|Project by Lazyman||posted 12-08-2014 03:32 PM||2644 views||1 time favorited||2 comments|
My work bench always seems to accumulate tools and other miscellaneous clutter while I am working in my shop. I also decided that my roller stand just wasn’t enough support when cutting a sheet of plywood so I decided to build a dual purpose assembly table that was movable, sturdy and large enough to assemble and work on larger pieces without working on the floor. I stumbled upon an old New Yankee Workshop video on YouTube where Norm Abrams built an assembly table using only plywood and some hardboard. I later found another video by the Wood Whisperer where he built a smaller version for an outfeed table so I adapted both ideas for my needs.
I had an old computer desk that my daughter did not want anymore that is made of melamine covered particle board that I wanted to cannibalize for the top but the rest is made from 3/4” plywood. Norm actually made a hollow top, much like a hollow door to make it lighter because his table and shop are much bigger than mine. I actually have a 3/4” piece underneath and between the legs and styles and the 1” top is screwed to that from underneath. I originally designed the top to hang over 2” on all sides but decided to use the entire top to give me a little extra space and added some old shelf supports I had laying around to give it a little extra strength. You can see the pink and green supports peeking out on both sides. Keeping the extra length not only prevented me from needing to put an edge of some kind to hide the particle board edges but also makes it nearly the same length as the entire saw table. The final dimensions of the top are 60” x 30”, 36.5” high and the base is 36” x 26”. This design can be easily adjusted to any size you need.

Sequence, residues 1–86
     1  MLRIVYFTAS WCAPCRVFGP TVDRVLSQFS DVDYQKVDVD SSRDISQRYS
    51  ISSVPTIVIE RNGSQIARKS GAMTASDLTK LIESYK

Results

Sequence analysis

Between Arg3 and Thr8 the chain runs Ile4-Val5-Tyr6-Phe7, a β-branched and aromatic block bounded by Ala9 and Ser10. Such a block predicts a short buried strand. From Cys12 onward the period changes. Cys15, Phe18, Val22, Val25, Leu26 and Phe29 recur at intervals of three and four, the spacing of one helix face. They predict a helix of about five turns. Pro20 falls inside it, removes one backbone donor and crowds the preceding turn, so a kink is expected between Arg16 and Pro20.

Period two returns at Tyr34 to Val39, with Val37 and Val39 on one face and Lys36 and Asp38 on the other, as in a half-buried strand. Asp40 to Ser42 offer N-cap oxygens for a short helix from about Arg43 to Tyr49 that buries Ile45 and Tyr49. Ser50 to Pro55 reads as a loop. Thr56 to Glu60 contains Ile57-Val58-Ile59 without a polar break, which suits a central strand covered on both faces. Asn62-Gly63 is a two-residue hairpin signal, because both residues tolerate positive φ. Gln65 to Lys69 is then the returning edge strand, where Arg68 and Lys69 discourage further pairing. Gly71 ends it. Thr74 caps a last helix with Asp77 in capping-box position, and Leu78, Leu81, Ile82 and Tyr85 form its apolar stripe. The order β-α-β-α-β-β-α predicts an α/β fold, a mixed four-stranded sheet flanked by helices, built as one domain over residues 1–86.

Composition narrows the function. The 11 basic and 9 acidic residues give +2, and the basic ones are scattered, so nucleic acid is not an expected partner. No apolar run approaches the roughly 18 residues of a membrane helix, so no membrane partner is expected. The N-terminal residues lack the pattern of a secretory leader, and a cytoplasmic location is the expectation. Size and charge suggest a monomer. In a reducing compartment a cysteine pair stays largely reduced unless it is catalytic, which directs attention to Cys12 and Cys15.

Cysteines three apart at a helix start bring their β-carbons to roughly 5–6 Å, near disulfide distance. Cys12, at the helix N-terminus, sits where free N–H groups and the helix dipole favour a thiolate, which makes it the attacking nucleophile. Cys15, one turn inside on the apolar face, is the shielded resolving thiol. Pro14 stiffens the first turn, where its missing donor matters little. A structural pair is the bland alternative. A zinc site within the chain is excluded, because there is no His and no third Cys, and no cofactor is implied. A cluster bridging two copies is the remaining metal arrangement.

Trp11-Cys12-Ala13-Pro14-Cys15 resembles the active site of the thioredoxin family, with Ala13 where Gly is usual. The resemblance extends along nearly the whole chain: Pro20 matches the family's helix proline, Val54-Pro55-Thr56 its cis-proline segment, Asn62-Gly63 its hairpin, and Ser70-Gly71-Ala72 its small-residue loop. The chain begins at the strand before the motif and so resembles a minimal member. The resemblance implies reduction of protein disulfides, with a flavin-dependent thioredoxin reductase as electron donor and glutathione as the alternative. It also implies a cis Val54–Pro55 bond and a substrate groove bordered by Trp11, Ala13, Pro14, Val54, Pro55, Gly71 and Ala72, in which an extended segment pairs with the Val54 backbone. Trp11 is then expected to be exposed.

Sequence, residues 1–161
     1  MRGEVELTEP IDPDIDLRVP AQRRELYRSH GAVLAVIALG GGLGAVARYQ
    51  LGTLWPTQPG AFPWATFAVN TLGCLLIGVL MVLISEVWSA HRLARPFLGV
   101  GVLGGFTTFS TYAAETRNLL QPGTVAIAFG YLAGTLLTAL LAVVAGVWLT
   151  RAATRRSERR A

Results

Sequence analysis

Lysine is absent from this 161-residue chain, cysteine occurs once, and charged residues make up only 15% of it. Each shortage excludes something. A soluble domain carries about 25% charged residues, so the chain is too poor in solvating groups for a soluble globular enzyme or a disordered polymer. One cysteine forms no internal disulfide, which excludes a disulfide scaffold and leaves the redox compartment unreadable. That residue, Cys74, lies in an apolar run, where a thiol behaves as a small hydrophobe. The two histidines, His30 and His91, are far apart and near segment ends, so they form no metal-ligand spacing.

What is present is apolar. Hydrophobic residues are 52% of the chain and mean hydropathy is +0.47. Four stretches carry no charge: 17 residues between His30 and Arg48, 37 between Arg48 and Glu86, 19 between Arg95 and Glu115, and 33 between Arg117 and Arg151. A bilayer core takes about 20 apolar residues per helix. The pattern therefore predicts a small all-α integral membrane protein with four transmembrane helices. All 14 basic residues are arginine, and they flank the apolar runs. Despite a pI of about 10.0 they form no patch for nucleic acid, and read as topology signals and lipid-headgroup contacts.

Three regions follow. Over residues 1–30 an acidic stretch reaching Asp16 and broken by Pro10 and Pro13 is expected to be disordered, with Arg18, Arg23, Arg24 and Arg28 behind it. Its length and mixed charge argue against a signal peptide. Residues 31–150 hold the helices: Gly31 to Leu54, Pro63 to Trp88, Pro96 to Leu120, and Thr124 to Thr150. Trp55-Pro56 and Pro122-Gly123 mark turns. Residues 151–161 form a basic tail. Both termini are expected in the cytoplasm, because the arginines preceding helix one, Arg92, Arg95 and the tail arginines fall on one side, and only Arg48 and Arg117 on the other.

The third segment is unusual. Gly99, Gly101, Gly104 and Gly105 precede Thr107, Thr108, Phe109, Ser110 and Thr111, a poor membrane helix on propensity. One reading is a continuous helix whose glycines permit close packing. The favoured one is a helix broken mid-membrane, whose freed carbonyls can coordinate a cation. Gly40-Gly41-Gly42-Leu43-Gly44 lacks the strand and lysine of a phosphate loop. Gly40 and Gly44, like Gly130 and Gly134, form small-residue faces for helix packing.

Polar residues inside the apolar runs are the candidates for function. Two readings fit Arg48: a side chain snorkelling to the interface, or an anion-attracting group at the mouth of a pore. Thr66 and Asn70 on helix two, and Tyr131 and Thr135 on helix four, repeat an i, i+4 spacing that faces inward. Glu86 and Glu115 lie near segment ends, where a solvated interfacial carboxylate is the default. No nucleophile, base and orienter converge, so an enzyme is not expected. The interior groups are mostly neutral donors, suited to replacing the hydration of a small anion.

The legs are joined with biscuits and screws to avoid having to cut a rabbet in the plywood (plus it gave me an excuse to try the Freund plate jointer that I bought for $20 at a garage sale). The rest is simply screwed and glued together. One of the things that I like about Norm’s design is that he added some casters that simply fall into place and are supported by simple jacks that make it easy to move around in my tight garage shop. It’s also very light but the right angle legs give you almost the strength of a 4×4 but with a fraction of the weight. I made mine about 1/2” shorter than my table saw but you could easily put some leg levelers on it if you wanted to make the height match exactly. I actually drew a leveler on one leg in the SU design in case I decided to add that so that I would know where to modify the board that the casters fit on. By making it shorter, I didn’t have to cut dadoes for the miter gauge and it still gives me the support I need when cutting long or wide material. Since it is intended to be movable it also prevents me from having to precisely line up the dadoes with the miter gauge each time I move it.
I easily built this design in an afternoon. I spent more time designing it in SketchUp than building it. Send me your email address in a PM if you would like a copy of the SU file. This was my first complete design in SU.
Here are links to the NYW and Wood Whisper videos if you want tips on design and assembly. See Norm’s video for more detail on the casters and jacks to make it moveable. He also has a great design for a mobile clamp stand in this episode that is similar to ones you can buy.
-- Nathan, TX -- Hire the lazy man. He may not do as much work but that's because he will find a better way.